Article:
Unfortunately, we live in a world that places a stigma on mental health disorders and suicidal behaviors. This stigma commonly prevents seniors from seeking professional help, never knowing that treatment has saved lives time and again. With the number of suicides rising each year, education is key. Enter World Suicide Prevention Day, co-sponsored by the International Association for Suicide Prevention (IASP) and the World Health Organization (WHO).
History of Suicide Prevention
Suicide claims more lives than war and homicide combined. Suicide rates have risen in the United States over the past decade, after declining over the previous 10 years. A new study from the Centers for Disease Control and Prevention showed a sharp increase in suicide among middle-age Americans, with the rate rising by almost 30 percent for people ages 35 to 64 between 1999 and 2010. These numbers encouraged the creation of World Suicide Prevention Day
For the last 11 years, September has served as Suicide Prevention month. This event calls attention to treatable mental health issues that are directly related to suicidal attempts. Events are scheduled in at least 60 countries and range from public awareness to seminars and walks for survivors. Hundreds of organizations are taking part this year, opting to be pro-active in spreading the word about suicide.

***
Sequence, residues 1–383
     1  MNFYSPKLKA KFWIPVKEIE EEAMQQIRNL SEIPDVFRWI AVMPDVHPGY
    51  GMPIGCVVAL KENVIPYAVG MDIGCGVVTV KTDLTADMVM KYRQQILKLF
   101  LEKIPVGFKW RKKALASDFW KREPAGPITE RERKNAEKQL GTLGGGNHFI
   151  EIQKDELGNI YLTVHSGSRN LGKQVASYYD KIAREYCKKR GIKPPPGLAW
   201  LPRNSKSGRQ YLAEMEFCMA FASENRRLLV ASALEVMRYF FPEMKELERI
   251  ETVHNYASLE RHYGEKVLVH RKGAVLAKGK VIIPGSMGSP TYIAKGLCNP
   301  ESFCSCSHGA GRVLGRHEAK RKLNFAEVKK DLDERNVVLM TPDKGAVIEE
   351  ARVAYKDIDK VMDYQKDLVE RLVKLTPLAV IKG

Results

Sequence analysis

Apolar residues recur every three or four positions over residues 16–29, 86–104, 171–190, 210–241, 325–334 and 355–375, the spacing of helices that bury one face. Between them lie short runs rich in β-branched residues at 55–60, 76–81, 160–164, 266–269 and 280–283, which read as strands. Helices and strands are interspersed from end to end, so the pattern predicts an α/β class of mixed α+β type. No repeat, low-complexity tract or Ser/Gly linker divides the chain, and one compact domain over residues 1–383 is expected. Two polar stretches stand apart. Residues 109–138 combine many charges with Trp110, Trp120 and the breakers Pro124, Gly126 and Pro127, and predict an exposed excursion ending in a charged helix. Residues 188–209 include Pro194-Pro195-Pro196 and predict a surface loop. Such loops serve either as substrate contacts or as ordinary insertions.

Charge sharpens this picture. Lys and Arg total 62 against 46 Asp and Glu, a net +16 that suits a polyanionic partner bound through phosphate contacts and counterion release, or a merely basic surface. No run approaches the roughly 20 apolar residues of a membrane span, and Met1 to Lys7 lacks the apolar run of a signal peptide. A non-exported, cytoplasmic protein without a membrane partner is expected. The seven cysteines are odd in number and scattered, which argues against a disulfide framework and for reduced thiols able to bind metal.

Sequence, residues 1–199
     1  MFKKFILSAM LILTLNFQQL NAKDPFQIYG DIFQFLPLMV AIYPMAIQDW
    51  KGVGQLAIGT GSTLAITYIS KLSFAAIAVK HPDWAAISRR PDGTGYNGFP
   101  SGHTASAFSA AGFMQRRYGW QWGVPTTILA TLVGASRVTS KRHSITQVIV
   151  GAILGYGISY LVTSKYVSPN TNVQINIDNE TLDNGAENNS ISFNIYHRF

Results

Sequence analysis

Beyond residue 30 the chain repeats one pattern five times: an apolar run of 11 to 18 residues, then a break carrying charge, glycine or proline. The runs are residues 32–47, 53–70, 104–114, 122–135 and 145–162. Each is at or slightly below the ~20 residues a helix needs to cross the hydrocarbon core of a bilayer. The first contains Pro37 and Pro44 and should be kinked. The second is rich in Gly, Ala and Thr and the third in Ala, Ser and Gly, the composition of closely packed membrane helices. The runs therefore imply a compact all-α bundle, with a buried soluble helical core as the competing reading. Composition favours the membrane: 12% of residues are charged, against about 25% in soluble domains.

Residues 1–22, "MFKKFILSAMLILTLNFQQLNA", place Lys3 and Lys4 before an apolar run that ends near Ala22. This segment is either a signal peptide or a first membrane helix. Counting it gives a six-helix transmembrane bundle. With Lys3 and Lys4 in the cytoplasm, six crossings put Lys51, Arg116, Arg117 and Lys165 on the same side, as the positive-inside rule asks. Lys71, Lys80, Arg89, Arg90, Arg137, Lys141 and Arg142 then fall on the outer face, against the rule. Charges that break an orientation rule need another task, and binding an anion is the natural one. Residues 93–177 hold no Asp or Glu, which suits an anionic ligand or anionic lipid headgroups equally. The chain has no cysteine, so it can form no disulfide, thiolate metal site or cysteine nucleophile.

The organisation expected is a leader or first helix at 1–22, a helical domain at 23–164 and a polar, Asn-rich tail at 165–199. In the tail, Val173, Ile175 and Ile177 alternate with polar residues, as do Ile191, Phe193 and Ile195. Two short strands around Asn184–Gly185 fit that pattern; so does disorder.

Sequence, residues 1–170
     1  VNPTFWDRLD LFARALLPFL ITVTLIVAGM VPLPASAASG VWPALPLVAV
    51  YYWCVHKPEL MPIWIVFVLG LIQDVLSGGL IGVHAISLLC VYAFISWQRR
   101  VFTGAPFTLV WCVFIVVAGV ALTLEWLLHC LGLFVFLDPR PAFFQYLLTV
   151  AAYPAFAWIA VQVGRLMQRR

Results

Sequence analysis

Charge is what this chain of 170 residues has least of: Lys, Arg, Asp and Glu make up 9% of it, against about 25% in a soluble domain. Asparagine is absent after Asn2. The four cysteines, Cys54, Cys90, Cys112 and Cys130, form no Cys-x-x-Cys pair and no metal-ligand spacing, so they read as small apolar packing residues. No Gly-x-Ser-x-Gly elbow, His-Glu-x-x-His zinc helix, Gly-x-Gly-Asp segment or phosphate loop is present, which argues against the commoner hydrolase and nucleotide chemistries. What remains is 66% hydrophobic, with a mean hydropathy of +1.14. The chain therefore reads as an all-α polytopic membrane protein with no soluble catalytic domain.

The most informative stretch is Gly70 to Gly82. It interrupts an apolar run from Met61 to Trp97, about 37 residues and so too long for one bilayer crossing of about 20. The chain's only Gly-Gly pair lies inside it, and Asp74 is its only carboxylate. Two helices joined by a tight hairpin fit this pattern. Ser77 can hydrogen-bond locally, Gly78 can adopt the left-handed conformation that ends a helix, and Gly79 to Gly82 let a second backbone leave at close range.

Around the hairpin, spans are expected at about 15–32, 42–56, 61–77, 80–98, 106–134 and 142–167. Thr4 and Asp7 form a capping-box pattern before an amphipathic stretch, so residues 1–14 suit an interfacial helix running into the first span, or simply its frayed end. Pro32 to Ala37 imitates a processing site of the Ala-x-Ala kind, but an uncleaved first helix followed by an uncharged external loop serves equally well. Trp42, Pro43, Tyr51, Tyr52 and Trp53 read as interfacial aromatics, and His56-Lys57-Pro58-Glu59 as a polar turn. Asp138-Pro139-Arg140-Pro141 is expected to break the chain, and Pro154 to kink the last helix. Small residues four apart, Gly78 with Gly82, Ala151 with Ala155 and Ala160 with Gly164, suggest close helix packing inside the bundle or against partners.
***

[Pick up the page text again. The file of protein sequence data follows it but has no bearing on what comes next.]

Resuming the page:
Many events will work within this year’s theme, “Stigma: A Major Barrier to Suicide Prevention.” Ridding the world of mental illness stigma can help people currently contemplating suicide, while also offering support to their loved ones.
The core worldwide event has been labeled “Cycle Around the Globe,” and it invites participants to raise suicide awareness while collectively biking the 24,900-mile. Why the odd distance requirement? Organizers set it up that way because 24,900 miles are equivalent to the circumference of Earth.
Why are Seniors at Risk?
Suicide is quite common among seniors, as they can become bombarded with suicidal triggers. Once experiencing a trigger, most seniors are unequipped to navigate the issues. Some common catalysts among seniors include:
- Chronic Illness
- Physical Inadequacies
- Substance Abuse or Addiction
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